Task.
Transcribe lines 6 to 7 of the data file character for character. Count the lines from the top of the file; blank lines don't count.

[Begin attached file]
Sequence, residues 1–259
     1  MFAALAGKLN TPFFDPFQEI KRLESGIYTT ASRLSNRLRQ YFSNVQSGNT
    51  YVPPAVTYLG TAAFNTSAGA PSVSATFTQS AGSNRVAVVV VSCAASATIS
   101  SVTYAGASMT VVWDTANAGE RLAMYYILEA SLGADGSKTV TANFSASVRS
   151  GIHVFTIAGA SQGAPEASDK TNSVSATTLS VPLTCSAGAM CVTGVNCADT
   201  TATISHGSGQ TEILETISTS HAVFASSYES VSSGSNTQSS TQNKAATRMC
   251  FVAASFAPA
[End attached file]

   201  TATISHGSGQ TEILETISTS HAVFASSYES VSSGSNTQSS TQNKAATRMC
   251  FVAASFAPA